Of the 15 communities that the Montana Study worked in, most did. And as they did, something wonderful happened: The academics stood aside and the citizens took charge. In Lonepine, members of the study group organized their fellow citizens to build a community library. In Conrad, they rallied neighbors to build a recreation center. In Lewistown, they started a folk festival. Some places even went on to create permanent citizens’ committees. The Greater Libby Association stayed together for years, lobbying for a new hospital, tourist attractions and two school bond referendums.
One town, Darby, created a pageant, “Darby Looks at Itself,” that was built around the things the study group had learned about the town. It had a cast of 125 people, plus members of the high school orchestra – in all, better than a fifth of the town’s entire population. A central figure in the drama was the Devil, who represented “outmoded thinking” about natural resources. At the end of the play, a group of woodsmen, worried about forest depletion, threw the Devil off the stage.
By the end of its three-year life, the Montana Study had awakened citizens in more than a dozen towns to their communities’ possibilities, had moved most of these places to take action and had started attracting attention around the country. (In the years shortly afterward, educators in 12 other states and five foreign countries borrowed the Montana Study’s guidebooks to begin community study programs. Leaders in one Kansas town wrote, asking how they could “do a Darby” and organize their own community pageant.)
Unfortunately, the Montana Study no longer had Ernest Melby, who had moved from Missoula to, of all places, New York to be a dean at New York University. And for all the good it did in these communities, the Montana Study’s organizers neglected to build institutional or political support. After Melby left, academics at Montana’s colleges made it clear they weren’t interested in tromping around the state, helping people with community problems. The Rockefeller Foundation declined to fund the project any longer, and the Montana Legislature said no as well.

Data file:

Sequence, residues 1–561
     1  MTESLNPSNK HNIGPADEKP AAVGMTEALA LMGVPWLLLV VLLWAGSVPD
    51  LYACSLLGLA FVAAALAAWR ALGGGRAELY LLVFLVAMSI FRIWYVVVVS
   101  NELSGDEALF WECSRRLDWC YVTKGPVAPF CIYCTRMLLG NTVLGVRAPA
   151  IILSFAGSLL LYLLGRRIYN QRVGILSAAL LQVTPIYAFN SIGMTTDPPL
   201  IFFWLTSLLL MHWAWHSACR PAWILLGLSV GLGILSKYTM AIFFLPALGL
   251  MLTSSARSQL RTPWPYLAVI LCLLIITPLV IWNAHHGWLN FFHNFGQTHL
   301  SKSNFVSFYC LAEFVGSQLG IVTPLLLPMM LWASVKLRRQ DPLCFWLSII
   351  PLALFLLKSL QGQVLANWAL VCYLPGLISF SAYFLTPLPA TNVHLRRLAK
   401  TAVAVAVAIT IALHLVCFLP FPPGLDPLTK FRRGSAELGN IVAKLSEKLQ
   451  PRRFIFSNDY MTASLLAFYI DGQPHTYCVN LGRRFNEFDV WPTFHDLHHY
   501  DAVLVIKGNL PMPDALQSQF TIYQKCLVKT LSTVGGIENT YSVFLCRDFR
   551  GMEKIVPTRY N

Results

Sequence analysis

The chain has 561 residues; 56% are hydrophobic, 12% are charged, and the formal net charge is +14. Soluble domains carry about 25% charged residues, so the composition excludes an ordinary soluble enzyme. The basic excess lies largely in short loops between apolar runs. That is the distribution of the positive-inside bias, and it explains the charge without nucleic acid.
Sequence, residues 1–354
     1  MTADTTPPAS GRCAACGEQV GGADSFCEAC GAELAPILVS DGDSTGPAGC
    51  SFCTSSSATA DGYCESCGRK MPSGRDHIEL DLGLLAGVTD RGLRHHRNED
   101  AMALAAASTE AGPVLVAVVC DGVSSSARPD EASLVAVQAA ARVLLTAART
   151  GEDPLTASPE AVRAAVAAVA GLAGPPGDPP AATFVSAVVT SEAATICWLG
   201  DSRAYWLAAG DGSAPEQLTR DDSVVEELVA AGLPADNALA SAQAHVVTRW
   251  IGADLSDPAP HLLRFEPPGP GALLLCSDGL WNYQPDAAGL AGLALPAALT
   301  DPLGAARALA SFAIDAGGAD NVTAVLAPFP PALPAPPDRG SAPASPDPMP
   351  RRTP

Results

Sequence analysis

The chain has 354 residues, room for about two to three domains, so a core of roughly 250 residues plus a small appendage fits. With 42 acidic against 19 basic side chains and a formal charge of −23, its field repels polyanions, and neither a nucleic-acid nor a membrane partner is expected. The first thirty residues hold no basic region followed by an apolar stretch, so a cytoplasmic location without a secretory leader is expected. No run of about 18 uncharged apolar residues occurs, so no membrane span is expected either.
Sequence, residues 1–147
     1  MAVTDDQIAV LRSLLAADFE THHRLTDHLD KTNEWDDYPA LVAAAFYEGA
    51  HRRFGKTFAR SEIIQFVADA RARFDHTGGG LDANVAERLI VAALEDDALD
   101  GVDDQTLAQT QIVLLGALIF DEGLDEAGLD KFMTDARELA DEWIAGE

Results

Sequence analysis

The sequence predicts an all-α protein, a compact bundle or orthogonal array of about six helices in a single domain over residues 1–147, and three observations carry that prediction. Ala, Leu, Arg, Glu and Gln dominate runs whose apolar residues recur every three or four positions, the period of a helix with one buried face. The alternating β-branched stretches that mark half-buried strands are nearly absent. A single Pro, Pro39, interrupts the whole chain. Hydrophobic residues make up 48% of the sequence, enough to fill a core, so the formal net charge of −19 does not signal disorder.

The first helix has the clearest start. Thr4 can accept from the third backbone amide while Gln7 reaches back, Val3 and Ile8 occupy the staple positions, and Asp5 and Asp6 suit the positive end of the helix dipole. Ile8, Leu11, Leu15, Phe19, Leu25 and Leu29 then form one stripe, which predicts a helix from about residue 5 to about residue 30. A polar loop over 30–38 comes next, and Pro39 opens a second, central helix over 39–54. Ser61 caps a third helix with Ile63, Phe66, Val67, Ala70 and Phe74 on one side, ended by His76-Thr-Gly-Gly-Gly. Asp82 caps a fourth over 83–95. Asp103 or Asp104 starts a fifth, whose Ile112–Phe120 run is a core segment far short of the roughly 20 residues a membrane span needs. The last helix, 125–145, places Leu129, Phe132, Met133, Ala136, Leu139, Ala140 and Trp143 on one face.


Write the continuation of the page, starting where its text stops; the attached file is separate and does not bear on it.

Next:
Because it didn’t endure, some associated with the Montana Study thought it really hadn’t accomplished much, but others saw it for what it was: an astonishingly successful experiment in citizen engagement – and a remarkable instrument for energizing communities. One who was involved in the project, Richard Waverly Poston, wrote a few years later:
. . . The Montana Study is of the greatest significance to America’s small communities themselves, no matter where they may be. For here is a technique through which ordinary men and women can coordinate for their own welfare the forces of education, religion, government, economics, culture, and democratic neighborliness, and by this simple means can lift the whole level of living in America. And, as the people of Conrad and Libby have shown, it can be done without the presence of outside experts. Any group of civic-minded men and women in any small community who desire to improve their own town, and are willing to take the trouble, can of their own initiative utilize the techniques of the Montana Study.
When I learned of the Montana Study a few years ago and got hold of the two books about it and the handful of academic papers, it was like finding my own community work – and the work of others I’ve admired – sealed in a time capsule from another era. All the elements of modern-day citizen engagement are there: Seek a cross-section of the community, offer them a structured approach to learning, put them in charge of their own research and discussions, don’t direct but seek only to facilitate. In the end, ask them if they want to go further – and accept if they don’t. But know this: Once most people have been awakened to new possibilities and new ways of thinking about their towns, cities or neighborhoods, they won’t be comfortable with the old ways. And most times they’ll want to turn that new understanding into action.
That’s what happened in Lonepine and a dozen other Montana towns in the 1940s. It could happen in your city too.